Monday, October 17, 2011

Idina and Today

I heard Idina Menzel in concert last night.  I didn't really know who she was until last night, but wow, this concert was incredible.  One of the best I've been to in a long time.  Not only is she super talented, she's hysterically funny.  I was in stitches for all her bits between singing.  I had planned to write about my pastor's sermon today, but then Idina hit me (my mom said last night, great - a concert won out over church, so I was trying to find a way to combine the two - Idina's discussion of seizing the day with my pastor's talk about why you like people, but it would have been SO long and you're probably already bored just reading this parenthetical). 

Idina, because we're BFFs and on a first-name-basis, is one of those people you figure you'd be friends with if only she lived down the street from you.  She has a two year old named Walker who I just know we'd always have play dates with, and we'd run over to CityCentre for dinner with her and Taye (yes, she's married to Hottie MacHotster, Taye Diggs), and we'd laugh about the funny songs we made up for our kids.  Yes, I live in la-la-land, come join me here, it's a happy place. 

So between all of the frivolity and singing, she had an excellent, and serious, point to make.  She got her big break in the '90s performing in Rent.  After seven years of working on writing and perfecting Rent, the show's creator, Jonathan Larson, died from an undiagnosed aortic aneurysm the morning before the first performance.  He only ever saw the show that the had poured his life's work into during the dress rehearsal.  That event shaped the entire cast's, a group of 20-somethings, life perspective.  After sharing this story, Idina sang her favorite song from Rent, a part of which says:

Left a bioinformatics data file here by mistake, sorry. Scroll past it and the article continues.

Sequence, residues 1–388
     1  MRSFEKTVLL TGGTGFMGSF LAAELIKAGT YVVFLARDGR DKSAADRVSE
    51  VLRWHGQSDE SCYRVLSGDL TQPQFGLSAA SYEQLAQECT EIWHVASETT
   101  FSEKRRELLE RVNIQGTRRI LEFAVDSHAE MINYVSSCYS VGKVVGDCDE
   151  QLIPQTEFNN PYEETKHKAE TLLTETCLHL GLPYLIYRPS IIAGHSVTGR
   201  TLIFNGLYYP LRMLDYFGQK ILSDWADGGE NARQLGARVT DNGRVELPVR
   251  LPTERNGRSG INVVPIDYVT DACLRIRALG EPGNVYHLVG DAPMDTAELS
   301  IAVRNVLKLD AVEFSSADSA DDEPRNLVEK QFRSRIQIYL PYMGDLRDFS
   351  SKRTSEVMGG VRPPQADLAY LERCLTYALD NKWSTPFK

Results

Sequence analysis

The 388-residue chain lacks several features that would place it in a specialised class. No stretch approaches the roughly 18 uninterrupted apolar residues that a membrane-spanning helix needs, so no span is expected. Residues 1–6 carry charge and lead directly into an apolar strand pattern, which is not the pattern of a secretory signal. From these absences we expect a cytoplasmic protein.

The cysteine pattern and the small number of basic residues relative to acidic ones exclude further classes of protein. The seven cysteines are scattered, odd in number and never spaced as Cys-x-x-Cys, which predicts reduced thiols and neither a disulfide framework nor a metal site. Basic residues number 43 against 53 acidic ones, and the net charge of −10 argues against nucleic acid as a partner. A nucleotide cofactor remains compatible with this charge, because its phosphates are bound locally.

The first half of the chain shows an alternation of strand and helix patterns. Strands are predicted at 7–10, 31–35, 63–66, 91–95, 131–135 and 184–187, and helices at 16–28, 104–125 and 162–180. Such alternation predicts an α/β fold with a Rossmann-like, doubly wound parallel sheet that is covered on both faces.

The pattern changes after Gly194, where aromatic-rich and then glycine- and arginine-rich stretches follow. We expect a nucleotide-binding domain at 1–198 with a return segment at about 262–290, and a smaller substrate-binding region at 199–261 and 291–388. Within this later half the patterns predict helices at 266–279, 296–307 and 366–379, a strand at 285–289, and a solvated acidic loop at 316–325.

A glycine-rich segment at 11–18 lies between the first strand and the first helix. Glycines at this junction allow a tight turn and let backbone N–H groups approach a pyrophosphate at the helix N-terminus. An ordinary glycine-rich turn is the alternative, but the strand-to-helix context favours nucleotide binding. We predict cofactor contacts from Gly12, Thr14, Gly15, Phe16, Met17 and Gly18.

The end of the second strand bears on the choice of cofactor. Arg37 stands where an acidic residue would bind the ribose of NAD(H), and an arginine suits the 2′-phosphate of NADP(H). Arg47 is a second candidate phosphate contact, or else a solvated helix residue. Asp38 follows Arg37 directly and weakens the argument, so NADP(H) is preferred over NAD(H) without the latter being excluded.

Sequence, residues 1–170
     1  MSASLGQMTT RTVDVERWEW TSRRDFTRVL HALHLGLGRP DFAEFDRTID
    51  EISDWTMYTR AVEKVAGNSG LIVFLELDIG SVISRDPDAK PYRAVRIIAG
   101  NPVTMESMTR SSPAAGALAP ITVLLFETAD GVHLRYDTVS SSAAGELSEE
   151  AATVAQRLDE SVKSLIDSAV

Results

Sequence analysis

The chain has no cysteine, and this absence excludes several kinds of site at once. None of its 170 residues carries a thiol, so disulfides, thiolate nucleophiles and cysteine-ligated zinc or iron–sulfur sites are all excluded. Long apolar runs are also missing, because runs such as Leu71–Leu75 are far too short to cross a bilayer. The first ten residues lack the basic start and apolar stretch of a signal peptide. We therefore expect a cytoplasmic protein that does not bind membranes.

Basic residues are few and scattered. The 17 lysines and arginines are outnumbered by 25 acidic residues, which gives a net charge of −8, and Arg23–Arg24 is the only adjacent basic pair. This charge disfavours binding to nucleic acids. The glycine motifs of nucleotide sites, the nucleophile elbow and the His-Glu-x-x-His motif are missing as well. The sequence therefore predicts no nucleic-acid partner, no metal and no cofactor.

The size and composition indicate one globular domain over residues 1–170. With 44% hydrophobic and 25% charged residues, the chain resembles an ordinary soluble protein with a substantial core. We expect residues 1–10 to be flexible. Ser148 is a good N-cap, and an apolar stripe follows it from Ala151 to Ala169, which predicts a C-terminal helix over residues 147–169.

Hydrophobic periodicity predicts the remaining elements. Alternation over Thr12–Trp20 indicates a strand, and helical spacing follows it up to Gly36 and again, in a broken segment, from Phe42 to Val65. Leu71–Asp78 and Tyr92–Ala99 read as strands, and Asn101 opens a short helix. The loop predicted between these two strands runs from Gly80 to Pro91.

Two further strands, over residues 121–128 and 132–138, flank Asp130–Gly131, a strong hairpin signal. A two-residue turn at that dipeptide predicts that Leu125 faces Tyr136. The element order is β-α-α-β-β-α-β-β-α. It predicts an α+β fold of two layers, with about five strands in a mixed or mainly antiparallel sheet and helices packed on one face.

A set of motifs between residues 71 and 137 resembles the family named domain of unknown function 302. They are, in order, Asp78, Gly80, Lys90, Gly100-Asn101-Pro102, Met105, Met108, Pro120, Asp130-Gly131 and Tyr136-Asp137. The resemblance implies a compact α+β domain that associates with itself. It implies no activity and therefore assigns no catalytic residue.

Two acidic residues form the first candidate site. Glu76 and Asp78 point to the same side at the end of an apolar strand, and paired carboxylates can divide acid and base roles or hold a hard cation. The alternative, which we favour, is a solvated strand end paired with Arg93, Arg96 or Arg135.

There's only now
There's only here
Give in to love
Or live in fear
No other path
No other way
No day but today

She ended with having the audience sing "no day but today" with her.  In the quiet, with the music stopped, and an auditorium of thousands singing "no day but today," the words couldn't do anything but resonate.  Settle into our bones.  Rest on our spirit. 

We don't know what is next.  We can not predict it or anticipate it or plan for it.  There's only now.  Whether it is Jonathan Larson's words, or Jesus speaking in Matthew 6, the message is the same: don't live in fear, don't live in regret, live today not with worry but with fullness and passion and joy.

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